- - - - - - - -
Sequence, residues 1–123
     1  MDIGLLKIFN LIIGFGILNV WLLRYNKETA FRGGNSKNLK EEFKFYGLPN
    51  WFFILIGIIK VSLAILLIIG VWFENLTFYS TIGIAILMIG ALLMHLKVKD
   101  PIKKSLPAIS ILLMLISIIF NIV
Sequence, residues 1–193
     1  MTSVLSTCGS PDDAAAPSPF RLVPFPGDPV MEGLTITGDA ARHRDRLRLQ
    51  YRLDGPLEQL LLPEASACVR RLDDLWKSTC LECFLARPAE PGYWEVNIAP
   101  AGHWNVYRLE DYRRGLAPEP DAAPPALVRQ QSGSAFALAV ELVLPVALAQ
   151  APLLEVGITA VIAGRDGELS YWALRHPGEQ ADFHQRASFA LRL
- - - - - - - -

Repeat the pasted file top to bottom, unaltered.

Sequence, residues 1–123
     1  MDIGLLKIFN LIIGFGILNV WLLRYNKETA FRGGNSKNLK EEFKFYGLPN
    51  WFFILIGIIK VSLAILLIIG VWFENLTFYS TIGIAILMIG ALLMHLKVKD
   101  PIKKSLPAIS ILLMLISIIF NIV
Sequence, residues 1–193
     1  MTSVLSTCGS PDDAAAPSPF RLVPFPGDPV MEGLTITGDA ARHRDRLRLQ
    51  YRLDGPLEQL LLPEASACVR RLDDLWKSTC LECFLARPAE PGYWEVNIAP
   101  AGHWNVYRLE DYRRGLAPEP DAAPPALVRQ QSGSAFALAV ELVLPVALAQ
   151  APLLEVGITA VIAGRDGELS YWALRHPGEQ ADFHQRASFA LRL